Fujifilm, IBM tech could yield 35TB magnetic tape drives

Crystalline particles used to store data are one-third typical particle size

Fujifilm Recording Media U.S.A and IBM today announced that they were able to demonstrate a new particulate that can be used to create magnetic tape cartridges that are 44 times more dense than today's Generation 4 LTO Ultrium cartridges.

The magnetic media technology uses a new process of aligning barium-ferrite (BaFe) particles on the tape. It enables a density of 29.5 billion bits per square inch with magnetic tape media, allowing for the storage of 35TB of uncompressed data. BaFe is a crystalline substance that does not corrode or change chemically over time, making it ideal for long-term data storage.

Fujifilm said its process for laying down BaFe particles on tape, which it calls "Nanocubic technology," uses a new coating process and advanced dispersion techniques to achieve an ultrathin magnetic layer that produces higher resolution for recording digital data.

The Nanocubic technology creates BaFe particles that are about one-third of LTO tape's metal particle size and lays down the particles in a uniform, perpendicular manner, according to Fujifilm.

Fujifilm succeeded in the microparticulation of BaFe particles to 1,600 namometers, which is one-third the current metal particle volume.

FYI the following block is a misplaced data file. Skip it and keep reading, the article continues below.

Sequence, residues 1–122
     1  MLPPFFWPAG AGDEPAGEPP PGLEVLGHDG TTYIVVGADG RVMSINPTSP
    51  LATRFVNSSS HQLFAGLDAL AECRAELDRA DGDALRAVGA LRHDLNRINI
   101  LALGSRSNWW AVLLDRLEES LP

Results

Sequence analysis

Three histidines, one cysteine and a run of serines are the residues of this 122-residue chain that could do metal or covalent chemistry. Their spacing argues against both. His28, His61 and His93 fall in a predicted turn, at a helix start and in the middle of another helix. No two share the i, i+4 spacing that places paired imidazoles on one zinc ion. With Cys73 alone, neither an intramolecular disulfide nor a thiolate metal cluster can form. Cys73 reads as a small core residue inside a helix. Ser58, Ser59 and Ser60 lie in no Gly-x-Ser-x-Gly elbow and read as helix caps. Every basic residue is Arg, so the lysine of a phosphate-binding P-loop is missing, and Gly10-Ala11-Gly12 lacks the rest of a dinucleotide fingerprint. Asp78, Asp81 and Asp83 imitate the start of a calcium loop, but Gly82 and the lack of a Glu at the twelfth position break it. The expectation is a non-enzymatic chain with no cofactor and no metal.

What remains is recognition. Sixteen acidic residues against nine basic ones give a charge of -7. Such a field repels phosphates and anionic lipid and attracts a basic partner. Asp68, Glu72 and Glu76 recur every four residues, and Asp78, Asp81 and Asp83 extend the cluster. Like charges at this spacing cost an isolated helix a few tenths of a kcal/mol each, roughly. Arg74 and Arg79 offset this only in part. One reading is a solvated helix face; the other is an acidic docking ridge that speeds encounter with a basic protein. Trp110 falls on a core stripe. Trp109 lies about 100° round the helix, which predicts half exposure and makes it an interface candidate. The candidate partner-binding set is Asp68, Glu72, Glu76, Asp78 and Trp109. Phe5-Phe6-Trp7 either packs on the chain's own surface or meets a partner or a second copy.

An atomic view of the Barium-Ferrite particles

Click to view slide show

Perpendicular recording means the particles stand upright for higher density compared with the traditional, horizontal method.

"We are hopeful about bringing this technology to market and believe it will change the face of tape storage," said Peter Faulhaber, senior vice president of sales and marketing at Fujifilm Recording. "We believe that tape has the potential to be the next-generation storage solution as it meets all the core needs of the market."

According to Norio Shibata, CEO of Fujifilm Recording, the BaFe particle offers superior storage with "lower noise and higher frequency characteristics than other metal particles."

Fujifilm first demonstrated the technology with IBM tape cartridges in 2006, achieving a density world record at that time as well.

Reducing a ferromagnetic particle to microscopic size is a challenge because the process can reduce the material's resistance to demagnification, Shibata said.

BaFe particles have a high resistance to demagnification, which makes their high-density recording performance superior.

Cindy Grossman, vice president of IBM Tape and Archive Storage Systems, said the advancement shows that "tape storage is alive and strong and will continue to provide users reliable data protection, while maintaining a cost advantage over other storage technologies, including hard disk drives and flash [drives]."

Lucas Mearian covers storage, disaster recovery and business continuity, financial services infrastructure and health care IT for Computerworld. Follow Lucas on Twitter at @lucasmearian, send e-mail to lmearian@computerworld.com or subscribe to Lucas's RSS feed .

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